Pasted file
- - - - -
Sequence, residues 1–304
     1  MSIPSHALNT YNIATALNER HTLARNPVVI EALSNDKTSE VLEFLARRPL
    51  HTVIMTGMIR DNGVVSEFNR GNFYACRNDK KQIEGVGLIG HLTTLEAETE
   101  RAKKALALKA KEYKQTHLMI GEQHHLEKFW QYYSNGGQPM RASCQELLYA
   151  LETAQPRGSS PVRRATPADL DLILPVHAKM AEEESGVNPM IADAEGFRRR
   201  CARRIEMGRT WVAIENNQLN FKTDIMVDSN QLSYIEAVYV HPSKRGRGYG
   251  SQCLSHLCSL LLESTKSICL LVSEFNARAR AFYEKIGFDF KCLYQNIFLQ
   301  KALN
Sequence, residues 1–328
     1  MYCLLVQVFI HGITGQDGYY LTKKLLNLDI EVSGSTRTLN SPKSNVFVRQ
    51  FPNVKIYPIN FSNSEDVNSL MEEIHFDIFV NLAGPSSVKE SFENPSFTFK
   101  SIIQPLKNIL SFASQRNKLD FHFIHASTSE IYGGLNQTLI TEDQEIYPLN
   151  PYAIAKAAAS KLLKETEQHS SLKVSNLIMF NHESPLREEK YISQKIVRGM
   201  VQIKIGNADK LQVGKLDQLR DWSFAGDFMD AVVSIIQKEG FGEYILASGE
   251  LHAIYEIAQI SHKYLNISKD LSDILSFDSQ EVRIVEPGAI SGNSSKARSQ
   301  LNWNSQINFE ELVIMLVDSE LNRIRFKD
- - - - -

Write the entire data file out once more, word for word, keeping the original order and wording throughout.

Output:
Sequence, residues 1–304
     1  MSIPSHALNT YNIATALNER HTLARNPVVI EALSNDKTSE VLEFLARRPL
    51  HTVIMTGMIR DNGVVSEFNR GNFYACRNDK KQIEGVGLIG HLTTLEAETE
   101  RAKKALALKA KEYKQTHLMI GEQHHLEKFW QYYSNGGQPM RASCQELLYA
   151  LETAQPRGSS PVRRATPADL DLILPVHAKM AEEESGVNPM IADAEGFRRR
   201  CARRIEMGRT WVAIENNQLN FKTDIMVDSN QLSYIEAVYV HPSKRGRGYG
   251  SQCLSHLCSL LLESTKSICL LVSEFNARAR AFYEKIGFDF KCLYQNIFLQ
   301  KALN
Sequence, residues 1–328
     1  MYCLLVQVFI HGITGQDGYY LTKKLLNLDI EVSGSTRTLN SPKSNVFVRQ
    51  FPNVKIYPIN FSNSEDVNSL MEEIHFDIFV NLAGPSSVKE SFENPSFTFK
   101  SIIQPLKNIL SFASQRNKLD FHFIHASTSE IYGGLNQTLI TEDQEIYPLN
   151  PYAIAKAAAS KLLKETEQHS SLKVSNLIMF NHESPLREEK YISQKIVRGM
   201  VQIKIGNADK LQVGKLDQLR DWSFAGDFMD AVVSIIQKEG FGEYILASGE
   251  LHAIYEIAQI SHKYLNISKD LSDILSFDSQ EVRIVEPGAI SGNSSKARSQ
   301  LNWNSQINFE ELVIMLVDSE LNRIRFKD